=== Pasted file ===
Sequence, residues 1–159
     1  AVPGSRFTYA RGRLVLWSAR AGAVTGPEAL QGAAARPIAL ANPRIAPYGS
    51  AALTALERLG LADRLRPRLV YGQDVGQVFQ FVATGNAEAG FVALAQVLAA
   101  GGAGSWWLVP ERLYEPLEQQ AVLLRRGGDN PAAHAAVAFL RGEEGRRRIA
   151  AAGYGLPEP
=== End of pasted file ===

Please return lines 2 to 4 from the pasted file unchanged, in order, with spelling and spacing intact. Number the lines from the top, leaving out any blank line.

     1  AVPGSRFTYA RGRLVLWSAR AGAVTGPEAL QGAAARPIAL ANPRIAPYGS
    51  AALTALERLG LADRLRPRLV YGQDVGQVFQ FVATGNAEAG FVALAQVLAA
   101  GGAGSWWLVP ERLYEPLEQQ AVLLRRGGDN PAAHAAVAFL RGEEGRRRIA